Monday, 28 February 2011

The knitting group

The main point of this is to thank Fly for her french lesson which worked perfectly. Thank you.

Apparently I am 'super contente' aussi.

There were 6 of us this week and a quilt making group too. Interesting things (well to me anyway):

- I met my first woman who had 9 children and was largely pregnant with her tenth. Which brought out the fact that one of the other women had 6 children and another was one of 5. We are certainly in a catholic country. And it still took the pregnant woman 18 hours to have her 9th baby! Incidentally she looked lovely. Relaxed, fit, blonde and outdoorsy.

This revelation led to a discussion about the shopping involved in catering for such large families and they were amazed that in England lots of people could get their supermarket shopping delivered via the internet.

- the woman with 6 children bought 3 kilos of sweets every week. Her reason seemed to be that her husband was a lorry driver and needed them in his cab and her children ate them when they came home from school. They also had a discussion about how many litres of long life milk they bought but I got lost in the numbers.

- the lorry driver's wife came from 'up north' and watched the local news from her region on satellite television. This was considered bizarre.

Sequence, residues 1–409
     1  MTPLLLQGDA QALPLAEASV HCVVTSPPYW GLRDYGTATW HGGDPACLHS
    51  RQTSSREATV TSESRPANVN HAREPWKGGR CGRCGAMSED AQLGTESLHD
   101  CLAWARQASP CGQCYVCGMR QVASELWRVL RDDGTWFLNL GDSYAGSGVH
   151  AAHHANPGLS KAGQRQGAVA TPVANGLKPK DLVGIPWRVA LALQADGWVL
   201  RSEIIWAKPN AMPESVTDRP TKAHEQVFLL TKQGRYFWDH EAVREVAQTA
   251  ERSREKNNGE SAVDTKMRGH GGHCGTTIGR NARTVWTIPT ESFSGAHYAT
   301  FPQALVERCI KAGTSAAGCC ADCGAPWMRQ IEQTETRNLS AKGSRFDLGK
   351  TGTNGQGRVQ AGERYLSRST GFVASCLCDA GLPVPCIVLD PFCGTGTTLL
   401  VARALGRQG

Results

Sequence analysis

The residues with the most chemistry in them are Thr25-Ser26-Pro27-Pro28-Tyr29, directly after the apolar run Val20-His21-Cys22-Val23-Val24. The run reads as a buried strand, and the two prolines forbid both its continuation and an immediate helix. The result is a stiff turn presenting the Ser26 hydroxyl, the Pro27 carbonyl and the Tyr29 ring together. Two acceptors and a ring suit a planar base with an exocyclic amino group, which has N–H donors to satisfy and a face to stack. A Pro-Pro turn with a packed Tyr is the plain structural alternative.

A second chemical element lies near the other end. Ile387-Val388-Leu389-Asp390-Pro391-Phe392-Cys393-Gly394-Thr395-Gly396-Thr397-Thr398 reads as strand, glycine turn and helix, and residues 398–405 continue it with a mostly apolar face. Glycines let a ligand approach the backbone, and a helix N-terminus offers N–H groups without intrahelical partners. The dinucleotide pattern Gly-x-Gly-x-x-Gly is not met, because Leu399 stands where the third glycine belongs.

- you can buy a drink in the local supermarket that is a mix of beer and whisky which is an english thing!!! (Must have a look.)

- booze cruises were a complete revelation to some. The idea that english people came over to france on a boat for the day just to buy stuff that is cheaper in france was completely bizarre. Lorry driver's wife from the north had obviously experience of this and apparently Belgians do it too.

- the only english food that is consistently praised is 'le pudding' which is Christmas pudding.

- my conversation is improving with every visit :-)


  1. Plus ca change, plus c'est la meme chose, Rosie. Sounds like every knitting group I've ever been to/. The context/content may vary, but the interactions are very familiar. French practice is a bonus :-)

  2. Has woman number one received her medal for being mother of a big family?

    Where I last lived there was a couple who were happy to say that they had had nineteen children...when there was a get together they needed to hire the village hall to get all the kids, grandkids and great grandkids in...

    I used to shop for the internet while living in France.
    She would 'phone me her list, I'd order it online and it would be delivered.
    I used to marvel at the advance in communications that made that possible.

    Looks like I'll be doing it from Costa Rica shortly as her new shopping helper is not up to scratch...!

    Glad you're happier with your French..but you're doing exactly what's needed...regular practice with the same people so that you have a context which helps with understanding.

    Good for you!

  3. I knew a lady with 10 children in France... but she was English. I remember talking to an Arab woman in a gym when I was in my 20s. She asked me how many children I had and was amazed when I said none. She was the same age as me and had 6. I worked out she had her first at 14. Eeek!

  4. Oh my god, I have 5 kids love them all but couldn't imagine life with more! I too am in the throws of learning French and have to say the break for school holidays don't help. It makes class interesting when you can have fun whilst you are learning doesn't it. I'm really pleased with myself because yesterday I made an appointment with the option ALL in French - the woman deserved a medal!
    MamaB x